While Menke found Gardner-Webb through a chance encounter with a golf coach, Freshman Michael Bame knew where he was destined to go from the start. Bame comes into college as a second generation Gardner-Webb student. His mom Anne is an alumni, and his sister Madeline is a current senior who both came to GWU for their music education program. While Michael isn’t going after the same field as his mom and sister, he still believes Gardner-Webb was the best choice for him and his future.

“I came down to the choice between UNC-Charlotte and Gardner-Webb. I ended up going with Gardner-Webb because of the family aspect and the size of the campus. For a freshman, I feel like UNC-Charlotte would’ve been too much to handle. I prefer the smaller campus that Gardner-Webb offers,” Bame said.

Unlike Menke, Bame had to finish high school during the pandemic. Luckily, Bame was put into a situation that made it less stressful according to him. 

“My school handled the COVID-19 outbreak by giving us a free pass. If you were passing your classes as of the last day of school that we were there, then you were done,” Bame said.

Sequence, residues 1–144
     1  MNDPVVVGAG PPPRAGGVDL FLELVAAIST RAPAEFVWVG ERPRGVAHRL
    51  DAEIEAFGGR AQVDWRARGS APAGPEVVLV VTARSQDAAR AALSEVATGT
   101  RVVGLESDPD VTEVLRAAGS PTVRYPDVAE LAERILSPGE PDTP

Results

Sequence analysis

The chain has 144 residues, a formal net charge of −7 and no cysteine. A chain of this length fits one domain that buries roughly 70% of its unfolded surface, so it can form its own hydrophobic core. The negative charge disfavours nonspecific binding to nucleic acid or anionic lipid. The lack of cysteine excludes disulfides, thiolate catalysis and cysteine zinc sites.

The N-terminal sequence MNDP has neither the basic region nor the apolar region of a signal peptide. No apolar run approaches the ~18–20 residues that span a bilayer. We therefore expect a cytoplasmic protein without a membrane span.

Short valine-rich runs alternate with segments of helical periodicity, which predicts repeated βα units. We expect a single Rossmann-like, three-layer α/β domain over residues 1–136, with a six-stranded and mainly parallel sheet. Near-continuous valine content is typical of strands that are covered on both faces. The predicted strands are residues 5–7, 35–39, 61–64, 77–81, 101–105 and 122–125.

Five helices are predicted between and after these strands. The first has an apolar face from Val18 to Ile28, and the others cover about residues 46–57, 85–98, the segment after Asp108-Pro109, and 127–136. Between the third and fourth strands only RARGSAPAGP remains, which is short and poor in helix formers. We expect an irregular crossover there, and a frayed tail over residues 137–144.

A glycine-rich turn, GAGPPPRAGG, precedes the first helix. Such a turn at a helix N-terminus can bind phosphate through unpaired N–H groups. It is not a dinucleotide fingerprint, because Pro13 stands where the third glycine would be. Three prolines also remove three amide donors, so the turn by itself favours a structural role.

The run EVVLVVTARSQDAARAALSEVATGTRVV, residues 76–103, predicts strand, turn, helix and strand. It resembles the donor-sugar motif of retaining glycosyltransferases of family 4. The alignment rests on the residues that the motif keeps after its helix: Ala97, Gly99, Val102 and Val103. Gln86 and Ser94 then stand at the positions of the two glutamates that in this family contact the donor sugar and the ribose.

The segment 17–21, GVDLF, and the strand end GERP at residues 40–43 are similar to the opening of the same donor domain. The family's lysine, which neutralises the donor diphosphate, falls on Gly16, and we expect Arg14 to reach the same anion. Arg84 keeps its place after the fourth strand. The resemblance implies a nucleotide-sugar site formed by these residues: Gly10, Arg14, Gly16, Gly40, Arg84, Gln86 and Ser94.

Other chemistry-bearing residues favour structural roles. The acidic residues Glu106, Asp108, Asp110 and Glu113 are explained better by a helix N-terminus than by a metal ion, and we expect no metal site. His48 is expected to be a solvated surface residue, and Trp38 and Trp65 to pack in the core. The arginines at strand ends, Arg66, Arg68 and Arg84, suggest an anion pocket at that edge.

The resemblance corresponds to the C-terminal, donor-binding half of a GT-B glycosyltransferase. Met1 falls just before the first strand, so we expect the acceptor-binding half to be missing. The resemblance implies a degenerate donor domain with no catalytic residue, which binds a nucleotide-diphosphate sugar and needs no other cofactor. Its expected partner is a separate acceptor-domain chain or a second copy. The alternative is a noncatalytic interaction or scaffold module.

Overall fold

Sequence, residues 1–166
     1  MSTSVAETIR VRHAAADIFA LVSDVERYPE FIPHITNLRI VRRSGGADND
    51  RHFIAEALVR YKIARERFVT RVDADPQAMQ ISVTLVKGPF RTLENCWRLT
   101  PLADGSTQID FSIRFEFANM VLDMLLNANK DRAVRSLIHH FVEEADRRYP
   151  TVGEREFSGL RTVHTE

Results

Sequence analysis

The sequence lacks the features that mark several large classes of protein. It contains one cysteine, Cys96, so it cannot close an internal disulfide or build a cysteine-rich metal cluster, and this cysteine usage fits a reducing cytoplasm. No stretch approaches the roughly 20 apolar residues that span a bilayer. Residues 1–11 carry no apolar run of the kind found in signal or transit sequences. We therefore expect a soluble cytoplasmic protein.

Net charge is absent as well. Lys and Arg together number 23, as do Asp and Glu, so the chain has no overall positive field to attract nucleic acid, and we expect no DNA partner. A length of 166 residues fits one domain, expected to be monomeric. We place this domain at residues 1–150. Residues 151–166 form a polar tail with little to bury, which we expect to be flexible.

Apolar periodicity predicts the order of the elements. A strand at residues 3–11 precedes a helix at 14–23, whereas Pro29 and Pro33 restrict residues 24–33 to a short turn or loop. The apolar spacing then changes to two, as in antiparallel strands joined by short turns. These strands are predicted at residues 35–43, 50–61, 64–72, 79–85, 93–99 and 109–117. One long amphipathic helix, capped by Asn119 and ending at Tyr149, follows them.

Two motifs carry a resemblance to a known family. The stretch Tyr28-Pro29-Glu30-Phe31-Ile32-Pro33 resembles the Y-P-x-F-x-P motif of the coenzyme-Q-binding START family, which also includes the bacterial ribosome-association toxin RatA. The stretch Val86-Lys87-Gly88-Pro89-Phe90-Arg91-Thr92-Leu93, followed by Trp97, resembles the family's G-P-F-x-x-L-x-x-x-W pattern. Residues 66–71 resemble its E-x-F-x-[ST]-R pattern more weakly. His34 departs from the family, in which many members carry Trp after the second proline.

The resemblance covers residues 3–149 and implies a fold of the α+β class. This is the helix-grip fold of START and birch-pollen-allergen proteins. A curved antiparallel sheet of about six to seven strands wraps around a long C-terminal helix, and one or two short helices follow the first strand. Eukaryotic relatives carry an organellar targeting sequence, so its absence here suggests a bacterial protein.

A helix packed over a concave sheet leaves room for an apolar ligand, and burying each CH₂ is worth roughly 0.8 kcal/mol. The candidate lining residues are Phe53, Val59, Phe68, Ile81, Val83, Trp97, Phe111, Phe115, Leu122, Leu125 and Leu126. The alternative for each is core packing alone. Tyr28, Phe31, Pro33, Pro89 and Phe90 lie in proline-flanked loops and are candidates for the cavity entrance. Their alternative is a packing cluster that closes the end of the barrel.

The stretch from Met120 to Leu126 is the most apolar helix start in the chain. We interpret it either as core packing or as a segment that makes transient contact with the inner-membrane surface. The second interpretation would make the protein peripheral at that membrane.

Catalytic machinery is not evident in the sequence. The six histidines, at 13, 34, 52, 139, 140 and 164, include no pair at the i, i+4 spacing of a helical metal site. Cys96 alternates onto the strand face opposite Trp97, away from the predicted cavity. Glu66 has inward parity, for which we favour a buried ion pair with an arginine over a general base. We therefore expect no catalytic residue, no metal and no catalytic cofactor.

Freshman Michael Bame stands in front of H.A.P.Y Hall where he resides.

So far Bame believes he has adjusted to college life well, but as with anything there are still things he struggles with. “Thankfully, I knew what I was getting myself into with a little help from my sister, but the transition is still difficult from high school to college,” Bame said.“Keeping track of your studies is key, and I think that is definitely hard for any college student to keep track of. Luckily, I’ve been able to pick up on things along the way thanks to Madeline and that has assisted me in preparing myself for college life.”

Like most Gardner-Webb students, Bame is ready for the pandemic to end. When asked how it was adjusting to college during a pandemic Bame said, “Honestly, college during a pandemic is all I know, so I’m ready for the pandemic to end so I can fully experience all that GWU offers.”

While our start to the year hasn’t been normal by any stretch of the imagination, it is good to see that freshman are adjusting well and maintaining a positive attitude as we navigate the uncertainty of COVID-19 and 2020.